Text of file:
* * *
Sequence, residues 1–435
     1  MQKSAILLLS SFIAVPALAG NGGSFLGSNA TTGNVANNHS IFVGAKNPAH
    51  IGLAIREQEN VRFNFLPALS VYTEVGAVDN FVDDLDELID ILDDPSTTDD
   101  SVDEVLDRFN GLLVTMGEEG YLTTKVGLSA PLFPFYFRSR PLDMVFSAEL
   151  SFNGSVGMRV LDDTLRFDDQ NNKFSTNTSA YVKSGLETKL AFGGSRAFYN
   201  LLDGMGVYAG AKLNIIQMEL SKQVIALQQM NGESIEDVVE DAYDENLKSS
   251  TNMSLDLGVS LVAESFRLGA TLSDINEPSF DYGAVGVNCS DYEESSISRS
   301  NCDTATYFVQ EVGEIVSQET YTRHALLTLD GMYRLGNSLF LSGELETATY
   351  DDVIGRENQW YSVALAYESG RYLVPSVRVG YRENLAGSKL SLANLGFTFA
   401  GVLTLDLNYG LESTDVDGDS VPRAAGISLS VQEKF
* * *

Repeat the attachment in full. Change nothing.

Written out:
Sequence, residues 1–435
     1  MQKSAILLLS SFIAVPALAG NGGSFLGSNA TTGNVANNHS IFVGAKNPAH
    51  IGLAIREQEN VRFNFLPALS VYTEVGAVDN FVDDLDELID ILDDPSTTDD
   101  SVDEVLDRFN GLLVTMGEEG YLTTKVGLSA PLFPFYFRSR PLDMVFSAEL
   151  SFNGSVGMRV LDDTLRFDDQ NNKFSTNTSA YVKSGLETKL AFGGSRAFYN
   201  LLDGMGVYAG AKLNIIQMEL SKQVIALQQM NGESIEDVVE DAYDENLKSS
   251  TNMSLDLGVS LVAESFRLGA TLSDINEPSF DYGAVGVNCS DYEESSISRS
   301  NCDTATYFVQ EVGEIVSQET YTRHALLTLD GMYRLGNSLF LSGELETATY
   351  DDVIGRENQW YSVALAYESG RYLVPSVRVG YRENLAGSKL SLANLGFTFA
   401  GVLTLDLNYG LESTDVDGDS VPRAAGISLS VQEKF